FARMINGTON

Canadian teen pleads guilty in Maine high-speed chase

An Ontario teenager who led police on a high-speed chase pleaded guilty to aggravated assault, passing a roadblock and criminal mischief in Maine before being returned to Canada.

A judge imposed a 30-day sentence on the 16-year-old boy Friday, giving him credit for time already served since his Oct. 15 arrest.

Judge Nancy Carlson told the teen she hopes he gets help and gets his act together.

“I don’t know what you were thinking. Thank God no one was killed,” Carlson said.

The Sun Journal reported that after the court appearance on Friday, the boy was returned to Canada, where he faces additional criminal charges.

Police said the teenager and a 13-year-old girl sped through a border crossing. They were eventually arrested in Kingfield after abandoning a stolen pickup and jumping into a river.

At one point, the teenager rammed a law enforcement vehicle, prompting a federal agent to fire at the truck. One of the bullets lodged in the driver’s side headrest, officials said.

The boy was identified in court proceedings but The Associated Press is withholding his identity because he’s a juvenile.

The boy from Eganville, Ontario, and the girl from Pembroke, Ontario, started the crime spree when they stole a car that was abandoned in Sherbrooke, Quebec, authorities said. They stole a truck that they used to cross the border into Maine and later stole a second pickup in Maine, officials said.

UMS trustees hope to entice more international students

University of Maine System trustees are meeting in Farmington to talk about a proposal for increasing recruitment of international students as enrollment continues to decline.

A fall enrollment report says the total head count at the seven campuses dropped 2.1 percent from 2012, with a 4.7 percent decline in graduate students and a 1.7 percent drop in undergraduate students.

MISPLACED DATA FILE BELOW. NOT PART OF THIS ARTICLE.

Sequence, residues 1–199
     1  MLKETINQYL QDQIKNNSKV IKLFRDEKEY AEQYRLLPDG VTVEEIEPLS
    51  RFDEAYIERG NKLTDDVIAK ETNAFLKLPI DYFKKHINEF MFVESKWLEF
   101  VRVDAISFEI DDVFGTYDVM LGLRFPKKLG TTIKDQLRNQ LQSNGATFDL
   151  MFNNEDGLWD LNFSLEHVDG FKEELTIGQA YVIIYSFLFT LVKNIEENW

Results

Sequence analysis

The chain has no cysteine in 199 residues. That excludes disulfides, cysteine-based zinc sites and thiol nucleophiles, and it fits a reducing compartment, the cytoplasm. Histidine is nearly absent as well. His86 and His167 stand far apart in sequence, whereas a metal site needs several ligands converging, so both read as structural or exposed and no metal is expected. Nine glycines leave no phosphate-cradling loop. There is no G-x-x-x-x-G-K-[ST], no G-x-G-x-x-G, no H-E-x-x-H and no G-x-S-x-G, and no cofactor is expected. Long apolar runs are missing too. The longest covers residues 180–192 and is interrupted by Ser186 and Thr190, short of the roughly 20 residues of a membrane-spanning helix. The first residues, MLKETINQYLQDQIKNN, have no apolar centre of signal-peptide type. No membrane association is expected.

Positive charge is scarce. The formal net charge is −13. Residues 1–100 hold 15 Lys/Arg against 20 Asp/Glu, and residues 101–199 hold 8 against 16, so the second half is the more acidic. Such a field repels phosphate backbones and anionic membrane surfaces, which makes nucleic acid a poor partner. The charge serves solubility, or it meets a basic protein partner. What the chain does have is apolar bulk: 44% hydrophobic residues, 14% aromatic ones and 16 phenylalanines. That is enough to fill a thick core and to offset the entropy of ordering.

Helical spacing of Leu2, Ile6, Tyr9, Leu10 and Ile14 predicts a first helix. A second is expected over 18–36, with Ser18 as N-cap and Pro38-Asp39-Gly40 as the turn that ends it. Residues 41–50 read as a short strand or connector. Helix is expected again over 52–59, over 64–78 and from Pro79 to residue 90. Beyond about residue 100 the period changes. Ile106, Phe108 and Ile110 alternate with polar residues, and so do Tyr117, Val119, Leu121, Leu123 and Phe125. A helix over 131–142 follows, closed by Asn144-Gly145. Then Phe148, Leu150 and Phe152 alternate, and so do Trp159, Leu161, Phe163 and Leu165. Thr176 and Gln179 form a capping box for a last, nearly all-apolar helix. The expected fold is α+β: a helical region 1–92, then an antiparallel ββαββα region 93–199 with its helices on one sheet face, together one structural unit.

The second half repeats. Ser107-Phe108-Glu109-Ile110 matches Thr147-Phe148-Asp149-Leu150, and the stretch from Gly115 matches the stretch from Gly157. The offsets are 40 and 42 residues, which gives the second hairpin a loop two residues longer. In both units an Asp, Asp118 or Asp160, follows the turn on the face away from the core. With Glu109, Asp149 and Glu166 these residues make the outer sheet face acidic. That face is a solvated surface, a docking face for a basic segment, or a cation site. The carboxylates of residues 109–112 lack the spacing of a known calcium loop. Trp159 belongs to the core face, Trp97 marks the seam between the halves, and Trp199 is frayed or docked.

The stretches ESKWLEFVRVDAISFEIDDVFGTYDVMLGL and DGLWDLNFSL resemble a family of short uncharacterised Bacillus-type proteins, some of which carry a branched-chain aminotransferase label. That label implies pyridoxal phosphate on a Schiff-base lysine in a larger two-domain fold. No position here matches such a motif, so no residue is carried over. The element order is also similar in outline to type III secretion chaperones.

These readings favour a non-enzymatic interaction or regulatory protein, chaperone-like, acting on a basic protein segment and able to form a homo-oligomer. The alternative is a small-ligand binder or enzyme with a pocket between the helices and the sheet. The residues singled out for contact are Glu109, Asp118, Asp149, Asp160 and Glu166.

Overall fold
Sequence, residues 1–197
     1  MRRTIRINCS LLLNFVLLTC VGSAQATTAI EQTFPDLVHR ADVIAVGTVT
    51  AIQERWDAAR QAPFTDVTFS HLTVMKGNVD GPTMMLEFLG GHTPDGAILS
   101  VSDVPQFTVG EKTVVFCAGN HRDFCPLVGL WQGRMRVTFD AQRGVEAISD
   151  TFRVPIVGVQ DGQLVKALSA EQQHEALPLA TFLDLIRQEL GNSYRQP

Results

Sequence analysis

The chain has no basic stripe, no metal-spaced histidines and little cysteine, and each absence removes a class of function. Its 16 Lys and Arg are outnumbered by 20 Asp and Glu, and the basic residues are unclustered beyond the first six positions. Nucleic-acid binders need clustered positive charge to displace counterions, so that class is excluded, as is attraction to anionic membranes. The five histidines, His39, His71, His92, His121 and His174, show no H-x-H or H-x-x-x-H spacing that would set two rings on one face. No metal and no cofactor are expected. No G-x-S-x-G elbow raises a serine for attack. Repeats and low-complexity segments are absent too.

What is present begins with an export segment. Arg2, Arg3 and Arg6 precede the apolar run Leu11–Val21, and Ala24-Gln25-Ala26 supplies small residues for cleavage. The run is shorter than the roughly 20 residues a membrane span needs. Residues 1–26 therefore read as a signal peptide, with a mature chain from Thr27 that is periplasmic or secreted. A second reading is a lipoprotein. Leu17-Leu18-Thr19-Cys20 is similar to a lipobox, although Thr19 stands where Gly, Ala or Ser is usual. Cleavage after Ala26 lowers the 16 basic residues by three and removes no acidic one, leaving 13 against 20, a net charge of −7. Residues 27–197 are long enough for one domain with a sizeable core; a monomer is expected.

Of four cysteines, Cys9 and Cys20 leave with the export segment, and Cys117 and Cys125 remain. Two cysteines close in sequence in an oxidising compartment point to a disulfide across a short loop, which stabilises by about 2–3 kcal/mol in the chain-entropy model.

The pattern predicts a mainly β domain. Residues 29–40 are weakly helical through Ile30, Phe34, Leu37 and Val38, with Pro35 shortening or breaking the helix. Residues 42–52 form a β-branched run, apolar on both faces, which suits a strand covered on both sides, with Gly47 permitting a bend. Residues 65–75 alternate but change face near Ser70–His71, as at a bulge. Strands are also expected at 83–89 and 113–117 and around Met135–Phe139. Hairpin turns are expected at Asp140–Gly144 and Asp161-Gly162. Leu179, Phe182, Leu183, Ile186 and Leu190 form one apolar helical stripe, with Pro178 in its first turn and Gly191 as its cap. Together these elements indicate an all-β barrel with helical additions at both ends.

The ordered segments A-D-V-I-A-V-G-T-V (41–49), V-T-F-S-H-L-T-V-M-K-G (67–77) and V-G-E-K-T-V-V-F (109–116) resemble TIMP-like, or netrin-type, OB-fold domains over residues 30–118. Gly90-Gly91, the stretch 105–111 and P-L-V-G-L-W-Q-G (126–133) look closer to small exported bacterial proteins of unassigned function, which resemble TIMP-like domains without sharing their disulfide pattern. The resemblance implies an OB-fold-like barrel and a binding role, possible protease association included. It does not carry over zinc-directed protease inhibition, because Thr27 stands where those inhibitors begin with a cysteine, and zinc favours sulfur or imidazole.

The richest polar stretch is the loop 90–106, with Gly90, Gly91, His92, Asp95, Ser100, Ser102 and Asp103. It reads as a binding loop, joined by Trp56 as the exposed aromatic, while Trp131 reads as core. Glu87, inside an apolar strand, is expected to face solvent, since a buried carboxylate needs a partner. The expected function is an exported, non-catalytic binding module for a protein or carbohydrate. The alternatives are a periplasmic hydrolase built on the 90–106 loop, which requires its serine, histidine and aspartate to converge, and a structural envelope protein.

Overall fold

All told, enrollment is down 9.4 percent since 2009.

Trustees, who began a two-day meeting Sunday at the University of Maine at Farmington, will discuss and vote Monday on a resolution supporting a program aimed at boosting enrollment of international students.

The resolution endorses International Study Centers at the University of Maine and the University of Southern Maine.

UMS Chancellor James Page said increasing the number of international students will improve diversity and create a new source of tuition revenue.

JAY

Police: Attempt to rob home foiled but truck is torched

Police say men wearing ski masks raided a home in western Maine and set a vehicle afire before leaving.

Police said the three men barged into the Jay home early Sunday and began gathering items to steal while the home’s occupant was forced to sit and watch.

Police said the men fled when they realized the woman who lived there had used a cellphone to call for help.

Before they left, they set fire to her husband’s truck.

OGUNQUIT

Movie theater seeks funds to purchase digital projector

A historic movie theater in southern Maine hopes to raise money to support the purchase of a digital projector.

The Leavitt Theatre in Ogunquit has started a Kickstarter Campaign through Nov. 30 to try to raise $60,000 for the projector.

Owners of the theater told WMTW-TV that the theater is in danger of shutting down because movie studios are expected to stop distributing movies on film by the end of the year.

The movie industry will provide movies in digital format only.

The theater decided to start a campaign to raise money for the new projector after seeing it work at other historic theaters across the country.

Waterville

Police officers to sprout beards for charitable causes

If you happen to see a police officer in Oakland, Waterville or Winslow during the next two months sporting a beard, don’t be alarmed.

It’s for a good cause.

About four dozen officers in the three towns paid $20 each to give up their razors for November and December. The money will go to the Barbara Bush Children’s Hospital in Portland and the United Way of Mid-Maine.

“The officers are pretty relieved that they can give their face a break,” said Chief Joseph Massey of the Waterville Police Department.